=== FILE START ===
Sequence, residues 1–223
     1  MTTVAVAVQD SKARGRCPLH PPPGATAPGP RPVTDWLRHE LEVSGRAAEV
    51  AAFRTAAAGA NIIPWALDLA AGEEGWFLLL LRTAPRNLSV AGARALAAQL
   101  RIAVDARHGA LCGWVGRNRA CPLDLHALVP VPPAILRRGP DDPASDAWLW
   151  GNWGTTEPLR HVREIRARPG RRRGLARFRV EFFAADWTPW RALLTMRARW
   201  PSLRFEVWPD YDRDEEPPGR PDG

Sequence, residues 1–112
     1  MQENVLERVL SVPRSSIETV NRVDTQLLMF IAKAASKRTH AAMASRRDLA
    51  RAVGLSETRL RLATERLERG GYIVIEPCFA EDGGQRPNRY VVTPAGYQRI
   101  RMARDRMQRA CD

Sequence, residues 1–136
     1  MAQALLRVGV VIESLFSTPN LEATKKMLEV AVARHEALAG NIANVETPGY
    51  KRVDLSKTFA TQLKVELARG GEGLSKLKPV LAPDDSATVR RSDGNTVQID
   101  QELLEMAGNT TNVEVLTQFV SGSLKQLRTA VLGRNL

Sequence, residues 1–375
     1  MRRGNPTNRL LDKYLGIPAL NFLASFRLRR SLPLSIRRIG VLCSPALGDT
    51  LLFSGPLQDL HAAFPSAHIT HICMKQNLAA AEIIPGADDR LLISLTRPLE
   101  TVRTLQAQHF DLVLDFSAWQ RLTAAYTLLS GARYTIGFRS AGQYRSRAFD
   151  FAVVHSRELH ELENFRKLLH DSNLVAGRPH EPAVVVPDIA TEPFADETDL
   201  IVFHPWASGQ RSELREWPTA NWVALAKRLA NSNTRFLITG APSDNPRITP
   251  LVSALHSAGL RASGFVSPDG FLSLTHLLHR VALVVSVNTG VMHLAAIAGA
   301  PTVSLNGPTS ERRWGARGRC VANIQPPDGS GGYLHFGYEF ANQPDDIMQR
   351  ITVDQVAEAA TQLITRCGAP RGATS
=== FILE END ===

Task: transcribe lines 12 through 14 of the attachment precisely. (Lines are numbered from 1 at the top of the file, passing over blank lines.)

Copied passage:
     1  MAQALLRVGV VIESLFSTPN LEATKKMLEV AVARHEALAG NIANVETPGY
    51  KRVDLSKTFA TQLKVELARG GEGLSKLKPV LAPDDSATVR RSDGNTVQID
   101  QELLEMAGNT TNVEVLTQFV SGSLKQLRTA VLGRNL